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Hemp, No Longer Illegal, Is Poised For A Comeback In The U.S.

Demand from natural food and body care markets motivates farmers

by Melody M. Bomgardner
November 23, 2015 | A version of this story appeared in Volume 93, Issue 46

Image shows a green and gold-colored field of hemp plants.
Credit: Hemp Industries Alliance
This field of hemp is grown for grain, not fiber.

The last time the U.S. enjoyed a hemp revival was during World War II, when the country could no longer import cheap rope fiber from Asia. The effort, called Hemp for Victory, was promoted by the government even though plantings of hemp, a relative of marijuana, were tightly restricted.

More than a half-century later, there is a new push to reestablish the ancient crop. It is being led by a small group of enthusiastic activists and businesspeople who tout the health value of hemp-sourced fatty acids and proteins.

Hemp products, they emphasize, are nonpsychoactive. But, ironically, it’s changing attitudes about marijuana for medicinal and recreational use that have opened the door for industrial hemp to take root again.

Hemp insiders caution that the U.S. is far from having a viable industry again. The crop has been almost entirely illegal since 1937. Though hemp does not contain enough psychoactive tetrahydrocannabinol (THC) to have value as an illegal drug crop, antidrug officials claim hemp and marijuana are hard to tell apart visually, making enforcement of drug laws difficult.

Prospective hemp farmers can thank Kentucky for a change in the long-maligned plant’s legal status. Sens. Mitch McConnell (R) and Rand Paul (R) pushed for language in the 2014 Farm Bill that allows states to oversee industrial hemp if their agriculture departments set up programs to cultivate it for research purposes. More than a decade ago, in anticipation of a federal change, Kentucky passed a law setting up such a pilot program.

“For Kentucky, the second it was a bona fide federal program it was like flipping on the lights,” says Andy Graves, a seventh-generation farmer and chief executive officer of Atalo Holdings, an umbrella company with three hemp businesses.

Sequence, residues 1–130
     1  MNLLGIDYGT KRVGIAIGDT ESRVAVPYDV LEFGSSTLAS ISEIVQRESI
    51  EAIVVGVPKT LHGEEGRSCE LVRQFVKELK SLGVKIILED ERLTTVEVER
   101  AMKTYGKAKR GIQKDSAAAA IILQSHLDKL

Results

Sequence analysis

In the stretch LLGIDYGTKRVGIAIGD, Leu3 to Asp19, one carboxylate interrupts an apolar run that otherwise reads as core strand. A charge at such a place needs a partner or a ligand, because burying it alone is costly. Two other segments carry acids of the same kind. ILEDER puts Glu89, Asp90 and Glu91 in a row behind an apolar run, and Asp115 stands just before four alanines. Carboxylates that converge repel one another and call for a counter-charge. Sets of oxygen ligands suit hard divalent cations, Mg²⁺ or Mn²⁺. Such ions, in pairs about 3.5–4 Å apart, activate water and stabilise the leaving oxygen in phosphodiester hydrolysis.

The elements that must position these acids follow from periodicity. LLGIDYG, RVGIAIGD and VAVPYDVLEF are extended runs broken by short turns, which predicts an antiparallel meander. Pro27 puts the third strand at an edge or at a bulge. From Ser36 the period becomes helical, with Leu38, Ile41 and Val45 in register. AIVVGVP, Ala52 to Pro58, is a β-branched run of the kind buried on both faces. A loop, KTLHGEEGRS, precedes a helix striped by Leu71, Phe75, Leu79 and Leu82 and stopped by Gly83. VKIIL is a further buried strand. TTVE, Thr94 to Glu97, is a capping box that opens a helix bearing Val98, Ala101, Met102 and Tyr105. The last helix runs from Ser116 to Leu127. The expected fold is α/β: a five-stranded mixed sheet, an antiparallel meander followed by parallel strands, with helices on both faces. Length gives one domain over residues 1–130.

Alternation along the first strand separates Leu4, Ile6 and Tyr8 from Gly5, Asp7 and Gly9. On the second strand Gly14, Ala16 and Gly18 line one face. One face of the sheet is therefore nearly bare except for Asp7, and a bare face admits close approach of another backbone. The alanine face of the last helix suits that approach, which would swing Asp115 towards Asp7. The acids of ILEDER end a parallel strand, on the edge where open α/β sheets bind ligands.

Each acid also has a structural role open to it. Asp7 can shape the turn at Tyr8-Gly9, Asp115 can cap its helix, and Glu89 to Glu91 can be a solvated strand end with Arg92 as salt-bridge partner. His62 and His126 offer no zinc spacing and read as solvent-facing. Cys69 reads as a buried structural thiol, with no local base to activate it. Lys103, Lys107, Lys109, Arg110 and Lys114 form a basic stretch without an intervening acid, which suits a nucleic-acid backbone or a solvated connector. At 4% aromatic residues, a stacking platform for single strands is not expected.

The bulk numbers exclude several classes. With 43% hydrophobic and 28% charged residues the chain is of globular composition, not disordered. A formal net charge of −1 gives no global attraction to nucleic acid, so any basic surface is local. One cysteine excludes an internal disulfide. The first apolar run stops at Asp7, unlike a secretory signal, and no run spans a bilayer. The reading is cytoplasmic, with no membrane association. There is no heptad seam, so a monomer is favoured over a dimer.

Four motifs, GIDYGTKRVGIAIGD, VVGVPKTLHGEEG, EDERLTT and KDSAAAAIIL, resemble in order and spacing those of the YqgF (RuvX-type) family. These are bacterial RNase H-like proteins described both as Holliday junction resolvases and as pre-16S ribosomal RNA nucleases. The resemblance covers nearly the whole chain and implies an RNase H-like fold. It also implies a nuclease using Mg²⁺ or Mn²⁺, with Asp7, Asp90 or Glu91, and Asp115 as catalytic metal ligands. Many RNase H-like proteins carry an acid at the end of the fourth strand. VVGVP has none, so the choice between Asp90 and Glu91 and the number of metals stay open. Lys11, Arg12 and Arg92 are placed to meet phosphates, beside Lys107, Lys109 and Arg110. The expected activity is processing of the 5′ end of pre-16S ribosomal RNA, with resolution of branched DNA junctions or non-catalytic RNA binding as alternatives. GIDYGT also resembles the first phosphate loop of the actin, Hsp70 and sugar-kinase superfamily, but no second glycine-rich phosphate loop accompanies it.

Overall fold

This year, Graves contracted with 32 growers who grew hemp on a total of 300 acres—and grew 27 acres himself. His company plans to market hemp seeds—called grain—as well as hemp oil and cannabidiol, a cannabinoid with anti-inflammatory properties.

Graves says his family grew hemp through the 1930s before switching to tobacco. But Kentucky’s share of the global tobacco market has been dwindling for decades.

“Now, we’re a very hemp-friendly state as a function of our families’ history and knowing it is not ‘drugs.’ It’s a wonderful plant with multiple uses for better health for humans,” Graves says. “Growers signing up for hemp are not signing up again to grow tobacco.”

Twenty states are now working to launch hemp programs. To maximize grain yield, today’s hemp farmers will require different varieties than the tall plants their grandparents grew for fiber. Finding and testing those varieties, and evaluating where and how best to grow them, are the goals of most state hemp programs.

Hemp for Victory
This U.S. Department of Agriculture film from 1942 encouraged farmers to plant hemp for the war effort. Credit: USDA

Some varieties will come from Canada, where it has been legal to grow hemp since 1998. Indeed, Canadian farmers grow the hemp that forms products currently purchased by U.S. consumers and food makers.

From 2010 to 2014, Canadian exports of hemp grain to the U.S. increased 30% per year on average, according to the Canadian Hemp Trade Alliance. Exports jumped even more in the first half of this year, reaching almost 10 million kg—worth about $35 million. The retail value of all hemp products sold in the U.S. is approximately $620 million per year, according to the Hemp Industries Association.

One retail brand is Manitoba Harvest. Its most popular product is hemp hearts, the hull-free portion of the grain, which has a sweet, nutty flavor and is used in similar ways as nuts. “We have a large vegetarian and vegan following, since the hearts contain all the essential amino acids,” says Kelly Saunderson, Manitoba Harvest’s manager of corporate affairs.

The market is still small, Saunderson acknowledges. About 3% of households in Canada and 1% in the U.S. put hemp on their shopping lists. “But it has just begun expanding to the mass market, as plant-based nutrition is expanding in general,” she says. Price is one factor limiting adoption; hemp hearts cost roughly $24 per kg.

Analytical chemist Jace Callaway became intrigued by the nutritional qualities of hemp grain about 20 years ago. Callaway, who is from Arkansas, lives in Finland, where his wife was born. When Finland joined the European Union in 1995, EU governance allowed hemp cultivation. That’s when Callaway started a project to identify a variety of hemp that would grow in Finland.